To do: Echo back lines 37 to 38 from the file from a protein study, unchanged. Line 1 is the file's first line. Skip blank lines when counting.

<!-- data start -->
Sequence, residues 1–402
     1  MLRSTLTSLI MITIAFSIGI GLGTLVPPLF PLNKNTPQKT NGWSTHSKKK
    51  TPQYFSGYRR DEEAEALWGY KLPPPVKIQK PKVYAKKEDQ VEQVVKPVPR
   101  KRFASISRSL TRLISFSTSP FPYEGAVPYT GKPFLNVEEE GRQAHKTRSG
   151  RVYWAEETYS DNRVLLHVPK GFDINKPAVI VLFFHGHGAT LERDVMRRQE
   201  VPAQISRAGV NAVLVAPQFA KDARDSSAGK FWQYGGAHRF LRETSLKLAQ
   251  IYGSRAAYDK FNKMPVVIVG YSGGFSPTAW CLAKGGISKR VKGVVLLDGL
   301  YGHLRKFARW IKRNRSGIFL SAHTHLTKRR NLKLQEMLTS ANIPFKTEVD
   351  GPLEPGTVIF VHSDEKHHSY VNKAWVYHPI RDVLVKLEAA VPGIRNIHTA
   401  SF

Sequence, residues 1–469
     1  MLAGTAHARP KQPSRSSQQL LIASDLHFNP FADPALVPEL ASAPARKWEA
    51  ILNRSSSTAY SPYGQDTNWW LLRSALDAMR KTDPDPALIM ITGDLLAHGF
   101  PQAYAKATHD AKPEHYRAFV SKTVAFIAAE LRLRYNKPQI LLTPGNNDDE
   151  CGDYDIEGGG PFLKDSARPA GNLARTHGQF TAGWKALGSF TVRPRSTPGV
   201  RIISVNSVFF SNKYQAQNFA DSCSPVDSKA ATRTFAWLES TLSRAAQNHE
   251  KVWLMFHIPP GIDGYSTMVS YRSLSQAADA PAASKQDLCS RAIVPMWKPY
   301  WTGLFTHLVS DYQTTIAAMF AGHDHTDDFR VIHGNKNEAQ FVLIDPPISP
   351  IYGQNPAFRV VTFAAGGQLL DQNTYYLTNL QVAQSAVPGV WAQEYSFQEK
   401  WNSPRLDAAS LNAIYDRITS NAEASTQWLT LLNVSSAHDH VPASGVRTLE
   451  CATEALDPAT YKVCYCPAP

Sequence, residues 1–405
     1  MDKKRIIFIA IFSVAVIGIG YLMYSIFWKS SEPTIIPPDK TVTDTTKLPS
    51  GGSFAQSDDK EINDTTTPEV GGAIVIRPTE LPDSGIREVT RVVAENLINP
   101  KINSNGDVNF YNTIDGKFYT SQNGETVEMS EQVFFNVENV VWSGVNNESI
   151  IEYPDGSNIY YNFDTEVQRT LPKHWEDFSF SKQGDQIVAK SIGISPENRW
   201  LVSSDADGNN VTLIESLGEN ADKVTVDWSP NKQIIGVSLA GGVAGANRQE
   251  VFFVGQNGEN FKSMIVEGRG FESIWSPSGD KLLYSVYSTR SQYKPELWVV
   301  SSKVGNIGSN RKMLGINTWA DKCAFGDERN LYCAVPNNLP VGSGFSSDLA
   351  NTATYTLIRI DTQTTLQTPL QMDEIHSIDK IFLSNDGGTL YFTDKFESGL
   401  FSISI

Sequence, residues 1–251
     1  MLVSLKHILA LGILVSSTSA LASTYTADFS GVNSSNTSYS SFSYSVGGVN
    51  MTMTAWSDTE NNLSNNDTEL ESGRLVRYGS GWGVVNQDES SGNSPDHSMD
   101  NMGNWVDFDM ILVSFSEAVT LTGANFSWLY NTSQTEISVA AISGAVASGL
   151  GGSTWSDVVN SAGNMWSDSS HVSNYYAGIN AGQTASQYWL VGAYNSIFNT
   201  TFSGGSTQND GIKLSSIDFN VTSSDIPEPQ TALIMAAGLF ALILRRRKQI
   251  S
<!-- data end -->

   201  TFSGGSTQND GIKLSSIDFN VTSSDIPEPQ TALIMAAGLF ALILRRRKQI
   251  S